Understanding how much nature you need to improve your wellbeing

Have you ever wondered how much nature can impact your wellbeing? As I was reading The Nature Fix by Florence Williams, she discusses how nature impacts you and how much time you need to spend in nature to see benefits. She traveled all over the world to learn about scientific studies focusing on measuring the benefits of nature, and she shares all the details with you!

Photo by Lukasz Szmigiel | Accessed on Unsplash.com

Main impacts

These are the key points that stood out to me:

  1. Every little bit helps (but aim for more)
  2. Aim for 5 hours a month
  3. Benefits are seen on a curve

Keep reading to find out more about each one.

Every little bit helps (but aim for more)

At the core of this book, I felt like the message was that every bit of nature you can experience can help you, but always aim for more. Not everyone has the same access to nature, and for many people nature is largely inaccessible, but every glimpse of nature helps.

You may just get little bursts of nature, like trees throughout the city, and this can help, but you ideally want to aim for more nature and for longer periods. Getting out into nature in any sense, a bit of a park, or even driving down a street with more trees can help you feel better and improve your well-being. Generally, the most pleasing nature to us are scenes of trees and water, they seem to have the greatest impact on our mind.

When out in nature, you want to embrace all five senses (see, hear, smell, touch, and taste (something like herbal tea)). The more senses you can use when out in nature, the more immersive the experience is and the more you may benefit from it.

If you have limited access to nature, virtual experience can also help (but will not fully replace the real thing). Images of nature or landscapes can produce a calming effect, listening to bird sounds can stimulate your brain almost like you’re in nature – it’s has both patterns and diversity in the sounds which has a similar effect as listening to music. Even the smell of essential oils can help replicate some of the nature experience. Basically think of how to use all five senses.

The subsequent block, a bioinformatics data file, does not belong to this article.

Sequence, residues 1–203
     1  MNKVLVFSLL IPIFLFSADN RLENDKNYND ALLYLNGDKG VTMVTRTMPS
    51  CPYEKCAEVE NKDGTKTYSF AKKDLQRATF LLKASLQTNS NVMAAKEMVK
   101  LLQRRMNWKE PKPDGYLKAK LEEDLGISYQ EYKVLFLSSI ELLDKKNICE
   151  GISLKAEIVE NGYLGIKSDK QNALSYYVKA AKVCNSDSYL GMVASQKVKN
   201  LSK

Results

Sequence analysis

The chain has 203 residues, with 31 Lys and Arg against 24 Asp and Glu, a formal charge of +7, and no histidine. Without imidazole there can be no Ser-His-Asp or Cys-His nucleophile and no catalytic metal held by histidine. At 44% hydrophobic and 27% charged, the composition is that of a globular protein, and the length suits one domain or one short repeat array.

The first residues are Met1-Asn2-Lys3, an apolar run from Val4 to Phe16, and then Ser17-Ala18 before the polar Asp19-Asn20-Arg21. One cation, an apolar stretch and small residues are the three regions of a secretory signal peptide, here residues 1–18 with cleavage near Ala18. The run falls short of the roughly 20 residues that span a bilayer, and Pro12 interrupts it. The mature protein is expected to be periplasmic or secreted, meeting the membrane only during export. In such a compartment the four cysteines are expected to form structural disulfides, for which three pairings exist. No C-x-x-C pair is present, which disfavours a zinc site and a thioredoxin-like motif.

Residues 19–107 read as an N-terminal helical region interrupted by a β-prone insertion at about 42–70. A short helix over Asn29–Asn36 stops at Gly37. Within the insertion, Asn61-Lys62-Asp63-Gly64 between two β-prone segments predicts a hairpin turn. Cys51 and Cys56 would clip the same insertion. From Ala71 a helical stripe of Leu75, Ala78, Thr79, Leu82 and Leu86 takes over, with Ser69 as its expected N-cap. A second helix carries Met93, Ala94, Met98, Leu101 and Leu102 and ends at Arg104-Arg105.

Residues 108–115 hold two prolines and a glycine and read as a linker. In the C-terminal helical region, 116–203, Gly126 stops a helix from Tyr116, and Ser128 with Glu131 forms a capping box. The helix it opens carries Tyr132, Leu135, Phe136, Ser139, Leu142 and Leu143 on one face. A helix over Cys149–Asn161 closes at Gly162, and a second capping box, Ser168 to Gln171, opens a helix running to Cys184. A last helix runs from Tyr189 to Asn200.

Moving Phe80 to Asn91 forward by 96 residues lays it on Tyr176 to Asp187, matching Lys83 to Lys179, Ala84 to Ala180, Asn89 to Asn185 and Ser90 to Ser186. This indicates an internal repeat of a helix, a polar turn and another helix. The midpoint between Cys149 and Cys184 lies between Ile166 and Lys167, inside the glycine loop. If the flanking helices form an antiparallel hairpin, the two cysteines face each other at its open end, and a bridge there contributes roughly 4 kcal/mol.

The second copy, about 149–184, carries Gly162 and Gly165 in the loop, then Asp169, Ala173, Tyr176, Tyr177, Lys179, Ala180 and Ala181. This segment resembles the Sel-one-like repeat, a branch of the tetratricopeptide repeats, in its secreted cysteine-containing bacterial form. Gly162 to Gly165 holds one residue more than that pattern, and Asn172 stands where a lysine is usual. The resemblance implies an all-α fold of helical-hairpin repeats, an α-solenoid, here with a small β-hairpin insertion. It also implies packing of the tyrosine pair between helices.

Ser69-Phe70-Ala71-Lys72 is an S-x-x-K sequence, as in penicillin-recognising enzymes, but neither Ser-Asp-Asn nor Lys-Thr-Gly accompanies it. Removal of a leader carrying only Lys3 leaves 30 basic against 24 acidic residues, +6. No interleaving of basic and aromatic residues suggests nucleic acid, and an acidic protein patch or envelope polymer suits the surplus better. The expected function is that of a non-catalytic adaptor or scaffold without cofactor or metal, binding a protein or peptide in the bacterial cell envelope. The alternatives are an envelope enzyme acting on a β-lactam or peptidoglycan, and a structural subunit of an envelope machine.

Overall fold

Aim for 5 hours a month

The suggested goal is to aim for at least 5 hours in nature a month. This can be as simple as going to a park for an hour on the weekend, or going out for a walk a few times a week if you have some nature nearby.

In addition to the 5 hours a month, you also want to try and get longer periods of time in nature throughout the year. Generally, if you can get half a day or most of a day every few months, and then a few days consecutively in nature once a year that will help supplement the small bursts of nature.

To summarize, ideally you would get:

  • at least 5 hours a month in nature
  • with a full/half day in nature every few months
  • and a few consecutive days (immersive experience) every year.

Any amount of time in nature can help, and the five hours a month kind of sustains you throughout normal life. Then the longer periods of time give you more of a reset or a greater sense of restoration/healing. Longer periods in nature have a different impact on you because you are able to stay in the relaxed/calm state for longer, so the impacts tend to be longer lasting.

But don’t fret if you can’t spend this much time in nature at the moment. It’s not always easy to get out in nature, especially if you’re living in a city. The idea is really to be intentional about spending time and noticing nature around you. Do what you can and every little bit will help.

Benefits are seen on a curve

Like most things, the benefits from spending time in nature are seen on a curve (aka are not linear – see image below). Meaning when you don’t spend any time in nature and start to go out into nature you’ll see big benefits because you’re starting from zero. But the more nature you’re used to being around, then the more nature you need to see changes or additional benefits from nature (because you’re probably already getting benefits from being around nature so much already).